The National Transport and Safety Authority was on the spot again on Sunday after 36 people perished in yet another dawn road accident at Migaa along the Nakuru–Eldoret highway.
The beleaguered state agency has been on the spot for making knee-jerk reactions every time a major accident is reported on Kenyan roads, and it didn’t disappoint, this time banning passenger bus night travel with immediate effect.
Thousands of travellers, majority of whom had travelled upcountry for holiday festivities, will be left stranded by this directive, and it could take a while before the chaos in the public transport sector die down.
Sunday's horror crash brought to nearly 200 the number of people killed on Kenyan roads in the month of December alone. More than 150 people died in road crashes within the first three weeks of the month, figures from the NTSA show, with nearly half of them perishing on the killer stretch between Nakuru and Sachang’wan.
And, to illustrate the danger on Kenyan roads this festive season, Sunday’s accident brought to at least 76 the number of people killed on this stretch in the last week of the month alone.
Senior police officers at the scene said the ill-fated bus, on the way to Nairobi from Busia, had worn out tyres and was driven recklessly as it hurtled down the dangerous stretch towards Nakuru.
These claims were corroborated by some of the passengers who survived the tragic accident. One of them told this newspaper that the bus had “wobbled” down the steep descent moments before the crash. It had been flagged down by traffic officers a few minutes earlier but waved on, another passenger said.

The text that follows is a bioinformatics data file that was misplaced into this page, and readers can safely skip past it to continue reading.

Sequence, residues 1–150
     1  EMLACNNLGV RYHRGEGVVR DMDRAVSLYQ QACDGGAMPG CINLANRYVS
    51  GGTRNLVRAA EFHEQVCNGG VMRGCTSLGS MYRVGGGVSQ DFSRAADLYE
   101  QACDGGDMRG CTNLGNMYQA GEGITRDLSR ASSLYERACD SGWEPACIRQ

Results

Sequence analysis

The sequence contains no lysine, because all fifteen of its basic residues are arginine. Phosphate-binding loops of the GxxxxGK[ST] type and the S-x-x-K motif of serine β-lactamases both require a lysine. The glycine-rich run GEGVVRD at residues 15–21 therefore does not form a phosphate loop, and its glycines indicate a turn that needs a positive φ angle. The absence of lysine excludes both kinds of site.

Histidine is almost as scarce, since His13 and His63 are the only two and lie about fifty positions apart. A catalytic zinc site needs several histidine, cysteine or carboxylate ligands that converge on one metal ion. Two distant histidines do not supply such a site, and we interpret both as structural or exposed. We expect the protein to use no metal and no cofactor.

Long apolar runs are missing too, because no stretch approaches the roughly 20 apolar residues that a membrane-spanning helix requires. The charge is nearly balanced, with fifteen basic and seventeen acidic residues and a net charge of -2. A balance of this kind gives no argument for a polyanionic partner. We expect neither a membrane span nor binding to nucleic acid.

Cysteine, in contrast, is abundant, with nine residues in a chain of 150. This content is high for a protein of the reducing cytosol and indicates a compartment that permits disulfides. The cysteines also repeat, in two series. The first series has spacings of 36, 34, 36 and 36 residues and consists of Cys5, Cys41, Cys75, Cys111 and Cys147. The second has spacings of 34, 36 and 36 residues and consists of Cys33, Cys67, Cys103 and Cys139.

Among the dead were the driver of the truck and his loader, who were heading towards Eldoret. Thirty passengers from the bus were confirmed dead at the scene, while another four succumbed to injuries while receiving treatment at the Nakuru Level Five Hospital. Among the four were three children aged two months, two years and 10 years, and one adult aged 35.
Rift Valley traffic enforcement officer Zero Arome said the bus sped on the wrong lane of the road when it collided with the truck head-on. It was carrying 46 passengers at the time, he added.
The injured were rushed to Molo Sub-County Hospital and the Nakuru Level Five Hospital.
A few hours after the crash, NTSA director-general Francis Meja directed all passenger service vehicles to cease night travel with immediate effect, and to only be on the road, between 6am and 7pm.
“Over the recent past, our records indicate that majority of crashes occur during the night,” Mr Meja explained. “In order to review the effectiveness of current measures (and) to improve road safety, the authority, in consultation with other relevant government agencies, hereby suspends night travel.”
Earlier, on December 16, the agency had launched a major crackdown on rogue drivers along the Nairobi-Eldoret highway following the deaths of 17 people on the dangerous stretch. More than 30 vehicles were impounded after NTSA officials erected a road block at Gilgil, where they conducted random checks.
The agency’s deputy director and head of enforcement, Mr Harred Adan, told our team at Gilgil that this was part of Operation Safiri Salama, launched a few days earlier.
Before that, the agency had announced the erection of more speed bumps on the Sachang’wan stretch following a horror accident on the dawn of December 12. Infrastructure principal secretary John Mosonik said the bumps were a short-term measure before construction of a dual carriageway from Sobea to Kamara at a cost of Sh500 million.
He also said the government was considering opening up the diversion at Njoro junction to be used by the commercial trucks.
A few meters from the scene of the accident at Migaa on Sunday, police officers nabbed a 14-seater van packed with passengers almost double its legal capacity. The van, heading to Kakamega, had 25 passengers and two crew, including the driver.
The driver, however, ran away after the van, operating under Sunrise Sacco, was stopped by the police.
Reporting by Reitz Mureithi, Joseph Openda and Francis Mureithi.